Most people familiar with Kanban know its power at the team level; Kanban boards help teams visualize, manage, and improve their workflows, while collecting invaluable data that enables continuous improvement. For managers, team Kanban boards provide valuable insight into status, capacity, issues blocking progress, and more. This insight enables managers to be more effective leaders, and helps them add more value to their teams.
What many may not realize is that Kanban possesses equally transformative power at the portfolio level. A well-designed portfolio of Kanban boards, connected in strategic ways, can equip stakeholders at every level of the organization with the insight they need to deliver on key initiatives. Using Kanban can help organizations synchronize efforts at every level to keep everyone focused on maximizing customer value. LeanKit is purpose-built for Lean project portfolio management.
Read on to learn how to use LeanKit boards at the team, project, and portfolio levels to give everyone the insight they need.
Enjoy this excerpt from the Lean Business Report. Download the full report here.
Part of the beauty of applying Lean to knowledge work is its versatility. Teams in every department — from Software Development to Organizational Development, IT Operations to Marketing Operations — practice Lean in their daily work.
The workflows, organizational structures, work types, and associated challenges for each of these teams play out in diverse ways. Lean has universal applications, but it’s not universally applied in the same way. There are, however, some overarching trends: Flow is top priority, Kanban is king, and WIP (work in process) is the most common metric.
What do you do when urgent work constantly interrupts planned project work? Time after time, you put down the project work so you can put out the fire. But then what happens to the prioritized work? It gets delayed. With the unpredictable nature of IT Operations work, it can feel impossible to hit deadlines for prioritized work — which creates mountains of technical debt that add even more pressure. This creates an environment that is bad for morale and ultimately, unsustainable for keeping talented employees.
To balance prioritized and unplanned work, IT Operations needs a way to visually manage everything in one place — to keep the entire team aligned while keeping work moving at a controlled, sustainable pace. Kanban helps IT Operations teams do exactly this. Read on to learn how IT Operations teams can use Kanban to improve predictability, helping them meet and exceed deadlines for important, prioritized work.
As a project manager, you probably spend a lot of your time trying to get a clear picture of the current status of your projects. Between spreadsheets, email, and meetings, you’re constantly deciphering and relaying back information to various stakeholders and team members. Kanban project management is a highly visual method that gives project managers the visibility you need to deliver work on time, on budget, and on value.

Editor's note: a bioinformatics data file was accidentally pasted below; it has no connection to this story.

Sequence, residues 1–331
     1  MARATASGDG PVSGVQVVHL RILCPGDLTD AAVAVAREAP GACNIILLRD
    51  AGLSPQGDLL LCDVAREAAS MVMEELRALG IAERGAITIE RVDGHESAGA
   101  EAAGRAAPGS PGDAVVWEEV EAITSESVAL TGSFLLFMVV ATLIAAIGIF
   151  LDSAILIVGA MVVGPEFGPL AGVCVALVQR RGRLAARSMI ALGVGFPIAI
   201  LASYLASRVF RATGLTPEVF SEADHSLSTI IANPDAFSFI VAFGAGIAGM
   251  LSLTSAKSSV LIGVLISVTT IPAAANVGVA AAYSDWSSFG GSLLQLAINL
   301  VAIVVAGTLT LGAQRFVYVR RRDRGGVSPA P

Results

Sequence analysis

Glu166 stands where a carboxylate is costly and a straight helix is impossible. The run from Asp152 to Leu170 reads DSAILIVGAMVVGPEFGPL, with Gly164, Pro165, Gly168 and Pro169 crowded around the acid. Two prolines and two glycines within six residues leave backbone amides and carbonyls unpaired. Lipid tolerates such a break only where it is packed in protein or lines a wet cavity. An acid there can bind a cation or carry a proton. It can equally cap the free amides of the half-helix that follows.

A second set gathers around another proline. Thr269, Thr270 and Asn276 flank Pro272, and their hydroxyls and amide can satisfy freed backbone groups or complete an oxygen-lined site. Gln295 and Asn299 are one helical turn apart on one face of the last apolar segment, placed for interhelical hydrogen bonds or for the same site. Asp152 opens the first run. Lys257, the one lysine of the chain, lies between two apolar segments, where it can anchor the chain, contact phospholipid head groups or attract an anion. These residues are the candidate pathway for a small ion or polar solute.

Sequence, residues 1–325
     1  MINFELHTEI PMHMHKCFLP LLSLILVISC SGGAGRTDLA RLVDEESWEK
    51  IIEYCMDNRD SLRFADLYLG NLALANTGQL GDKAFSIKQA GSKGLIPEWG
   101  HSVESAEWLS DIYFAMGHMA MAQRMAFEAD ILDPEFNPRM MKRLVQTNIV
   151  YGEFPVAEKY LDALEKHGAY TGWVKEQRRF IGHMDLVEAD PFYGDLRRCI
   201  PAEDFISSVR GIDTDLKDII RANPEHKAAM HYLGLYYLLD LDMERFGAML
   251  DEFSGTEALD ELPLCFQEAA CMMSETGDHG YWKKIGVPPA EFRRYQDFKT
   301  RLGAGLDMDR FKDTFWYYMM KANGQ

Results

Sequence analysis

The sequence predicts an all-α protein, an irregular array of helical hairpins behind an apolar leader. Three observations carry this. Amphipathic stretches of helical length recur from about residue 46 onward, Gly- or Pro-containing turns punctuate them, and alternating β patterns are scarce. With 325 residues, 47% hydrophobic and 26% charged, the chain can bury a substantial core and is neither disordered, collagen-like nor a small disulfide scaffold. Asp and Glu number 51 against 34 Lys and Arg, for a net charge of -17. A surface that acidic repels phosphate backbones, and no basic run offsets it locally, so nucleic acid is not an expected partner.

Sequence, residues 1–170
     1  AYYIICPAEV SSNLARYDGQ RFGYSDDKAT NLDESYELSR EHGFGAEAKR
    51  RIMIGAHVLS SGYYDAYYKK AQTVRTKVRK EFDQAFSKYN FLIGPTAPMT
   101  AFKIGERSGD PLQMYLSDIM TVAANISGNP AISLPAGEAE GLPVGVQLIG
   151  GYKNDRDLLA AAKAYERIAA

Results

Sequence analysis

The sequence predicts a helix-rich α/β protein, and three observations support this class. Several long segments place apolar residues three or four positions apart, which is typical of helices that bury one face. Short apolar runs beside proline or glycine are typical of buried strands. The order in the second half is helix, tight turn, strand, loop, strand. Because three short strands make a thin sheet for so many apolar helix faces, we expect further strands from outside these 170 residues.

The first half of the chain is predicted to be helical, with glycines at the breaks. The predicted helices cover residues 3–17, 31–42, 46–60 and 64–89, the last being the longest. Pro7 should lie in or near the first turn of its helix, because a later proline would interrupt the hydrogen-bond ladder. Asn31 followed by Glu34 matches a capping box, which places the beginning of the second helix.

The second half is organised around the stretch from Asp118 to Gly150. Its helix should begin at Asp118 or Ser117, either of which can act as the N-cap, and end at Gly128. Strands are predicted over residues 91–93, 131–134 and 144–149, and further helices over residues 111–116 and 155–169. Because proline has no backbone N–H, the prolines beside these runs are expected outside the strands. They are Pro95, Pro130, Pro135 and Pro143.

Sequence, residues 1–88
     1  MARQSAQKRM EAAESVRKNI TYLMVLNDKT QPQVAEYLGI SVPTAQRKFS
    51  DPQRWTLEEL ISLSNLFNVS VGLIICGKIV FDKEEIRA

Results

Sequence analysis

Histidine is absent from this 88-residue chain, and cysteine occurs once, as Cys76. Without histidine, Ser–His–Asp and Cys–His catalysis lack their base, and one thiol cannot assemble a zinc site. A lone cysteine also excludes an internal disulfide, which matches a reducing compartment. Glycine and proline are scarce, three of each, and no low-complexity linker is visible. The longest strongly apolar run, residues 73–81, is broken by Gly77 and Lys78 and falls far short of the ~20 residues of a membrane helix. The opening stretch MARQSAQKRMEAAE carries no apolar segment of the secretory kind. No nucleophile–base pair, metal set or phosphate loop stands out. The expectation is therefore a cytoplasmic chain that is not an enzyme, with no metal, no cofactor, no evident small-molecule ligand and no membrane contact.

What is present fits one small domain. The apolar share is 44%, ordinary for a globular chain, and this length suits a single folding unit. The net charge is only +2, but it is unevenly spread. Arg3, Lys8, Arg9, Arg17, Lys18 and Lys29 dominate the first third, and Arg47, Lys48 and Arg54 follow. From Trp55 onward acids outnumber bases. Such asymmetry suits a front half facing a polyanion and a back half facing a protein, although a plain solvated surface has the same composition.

When practicing continuous improvement, the only constant is change. For teams that have achieved moderate, predictable success by following the status quo, embracing this change can require a major paradigm shift. Resistance to change can come in the form of foot-dragging, sabotage, and even rebellion, and can have a toxic influence on your Lean implementation.
As a leader, it’s unlikely that you’ll be able to make everyone on your team completely comfortable with change. You’ll first have to identify the causes of their resistance, and find ways to move through them.
From there, you can do your part to minimize discomfort by giving your team opportunities to gain the autonomy, mastery, and purpose they need to stay motivated. Keep reading to learn why people resist change and how to motivate teams to embrace continuous improvement.
Officially coined in 2009, the term “DevOps” has become a business buzzword in recent years. But what is it exactly? DevOps describes a cultural movement in IT focused on collaboration and innovation through systems thinking. The term is often incorrectly used to describe a development methodology or a new type of team. Luckily, there are many excellent resources on DevOps that can help to clear some of the “cloudiness” around the movement and its ideals. We recommend these five DevOps books to anyone looking to deepen their understanding of DevOps.
Enjoy this excerpt from the latest Lean Business Report. Download the full report here.
The new Lean empowers teams, encourages effective leadership, and enables organizations to deliver value to their customers faster.
Startups and enterprises are equally likely to be Lean, but for different reasons: startups for the speed to grow quickly, enterprises for the agility to remain relevant and competitive.
Lean maintains a strong hold in manufacturing, its original industry. But it’s also finding new applications in IT, helping global organizations reduce and manage complexity in an increasingly complex world.
In tightly structured, highly regulated industries, where the cost of error is high — like financial services, healthcare and telecommunications — Lean helps teams and organizations systematically identify and eliminate inefficiencies. We’re also seeing Lean grow in more creative industries, like media, entertainment, and retail.
The future of business is unfolding before us, with the new Lean pioneers leading the charge. Read this post to learn who’s practicing the new Lean, and how they got started.